second leading cause of death among men (second to smoking) (Lloyd-Jones et al., 2009). Hypertension is estimated to contribute to 35 percent of myocardial infarctions and strokes and 49 percent of episodes of heart failure (AHRQ, 2007).

Hypertension is diagnosed by a simple test. Using a sphygmomanometer, blood pressure is typically measured at two points: at peak pressure when the heart is most contracted (this point is referred to as systolic blood pressure) and then when the heart is most relaxed (diastolic pressure). High blood pressure for adults is defined as a systolic pressure of 140 mm Hg or greater or a diastolic pressure of 90 mm Hg or greater or using antihypertensive medication. Using this definition, hypertension is highly prevalent; nearly one in three U.S. adults has hypertension (Fields et al., 2004; Lloyd-Jones et al., 2009). The risk of developing hypertension increases with age. In older age groups it is more common than not; based on data from the Framingham study, the lifetime risk of hypertension is estimated to be 90 percent for people with normal blood pressure at age 55 or 65 who live to be age 80-85, respectively (Cutler et al., 2007; Vasan et al., 2002). Approximately 73 million Americans have high blood pressure, and an additional 59 million have prehypertension, which is defined as blood pressure ranging from 120-139 mm Hg systolic and/or 80-89 mm Hg diastolic. Prehypertension is a new classification introduced by the Seventh Report of the Joint National Committee on Prevention, Detection, Evaluation, and Treatment of High Blood Pressure (Chobanian et al., 2003)1 because of the increasing amount of data associating cardiovascular complications with what had previously been considered normal blood pressure readings. Figure 1-1 shows the increased risk of heart disease death, and Figure 1-2 shows the increased risk of stroke death, associated with prehypertension and hypertension by decade of life. Starting at a systolic blood pressure of 115 mm Hg, every 20 mm Hg increase in systolic blood pressure is associated with a doubling in the risk of death from both heart disease and from stroke.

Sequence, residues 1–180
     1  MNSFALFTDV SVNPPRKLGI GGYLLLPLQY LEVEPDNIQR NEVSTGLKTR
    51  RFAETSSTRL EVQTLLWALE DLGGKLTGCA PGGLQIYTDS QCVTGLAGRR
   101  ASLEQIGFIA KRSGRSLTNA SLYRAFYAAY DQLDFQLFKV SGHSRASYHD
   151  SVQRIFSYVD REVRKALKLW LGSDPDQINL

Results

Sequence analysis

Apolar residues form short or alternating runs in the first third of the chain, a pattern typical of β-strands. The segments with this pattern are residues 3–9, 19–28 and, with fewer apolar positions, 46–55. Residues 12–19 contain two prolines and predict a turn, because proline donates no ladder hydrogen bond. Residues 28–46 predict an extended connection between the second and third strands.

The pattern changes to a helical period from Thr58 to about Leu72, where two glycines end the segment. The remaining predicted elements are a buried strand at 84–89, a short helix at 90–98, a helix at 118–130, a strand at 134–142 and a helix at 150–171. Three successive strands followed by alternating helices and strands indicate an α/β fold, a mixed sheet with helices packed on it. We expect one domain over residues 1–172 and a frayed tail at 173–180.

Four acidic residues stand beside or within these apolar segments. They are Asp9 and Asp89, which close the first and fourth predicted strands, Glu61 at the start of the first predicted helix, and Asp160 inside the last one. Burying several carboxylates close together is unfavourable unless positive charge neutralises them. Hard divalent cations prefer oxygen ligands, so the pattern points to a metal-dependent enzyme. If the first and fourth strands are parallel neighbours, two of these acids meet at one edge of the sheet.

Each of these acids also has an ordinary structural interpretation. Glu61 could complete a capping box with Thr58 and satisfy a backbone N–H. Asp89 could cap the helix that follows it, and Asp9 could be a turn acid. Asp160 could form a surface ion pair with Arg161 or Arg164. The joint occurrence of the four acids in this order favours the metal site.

Hypertension is highly treatable, and a range of medications—some relatively inexpensive—are available. In the late 1950s and early 1960s, oral diuretics were primarily used to treat hypertension. Since then, additional medications including calcium channel blockers and beta-blockers, angiotensin-converting enzyme (ACE) inhibitors, and angiotensin receptor antagonists can be found among the antihypertensive therapies available

1

The NHLBI administers the National High Blood Pressure Education Program Coordinating Committee, a coalition of 39 major professional, public, and voluntary organizations and 7 federal agencies. An important function of the committee is to issue guidelines and advisories designed to increase awareness, prevention, treatment, and control of hypertension. Reports from this body are referred to by their number: in this case, the Seventh Report of the Joint National Committee on Prevention, Detection, Evaluation, and Treatment of High Blood Pressure (Chobanian et al., 2003).



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